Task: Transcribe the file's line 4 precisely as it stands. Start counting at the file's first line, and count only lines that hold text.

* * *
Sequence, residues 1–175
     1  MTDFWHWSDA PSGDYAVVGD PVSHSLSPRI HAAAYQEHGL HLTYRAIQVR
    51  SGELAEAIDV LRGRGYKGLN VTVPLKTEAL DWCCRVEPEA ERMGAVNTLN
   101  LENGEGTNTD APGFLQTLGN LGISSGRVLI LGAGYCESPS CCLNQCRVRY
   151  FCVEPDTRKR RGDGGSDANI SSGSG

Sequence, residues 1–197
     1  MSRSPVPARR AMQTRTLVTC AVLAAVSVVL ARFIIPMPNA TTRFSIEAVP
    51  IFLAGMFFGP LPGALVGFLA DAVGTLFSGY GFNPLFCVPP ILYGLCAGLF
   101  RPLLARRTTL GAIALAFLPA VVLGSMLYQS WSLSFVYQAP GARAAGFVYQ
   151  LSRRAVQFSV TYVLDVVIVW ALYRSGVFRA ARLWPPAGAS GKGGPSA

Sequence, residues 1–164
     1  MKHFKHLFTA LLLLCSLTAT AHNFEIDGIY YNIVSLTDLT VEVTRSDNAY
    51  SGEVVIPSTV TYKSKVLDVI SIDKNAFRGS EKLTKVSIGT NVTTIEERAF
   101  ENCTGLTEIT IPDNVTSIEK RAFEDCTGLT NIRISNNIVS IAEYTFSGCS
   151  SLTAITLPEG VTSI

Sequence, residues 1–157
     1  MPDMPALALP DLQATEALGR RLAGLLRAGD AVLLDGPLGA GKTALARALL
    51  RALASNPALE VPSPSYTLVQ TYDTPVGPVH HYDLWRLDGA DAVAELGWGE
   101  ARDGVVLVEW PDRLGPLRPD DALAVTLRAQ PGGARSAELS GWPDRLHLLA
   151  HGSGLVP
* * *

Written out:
   101  LENGEGTNTD APGFLQTLGN LGISSGRVLI LGAGYCESPS CCLNQCRVRY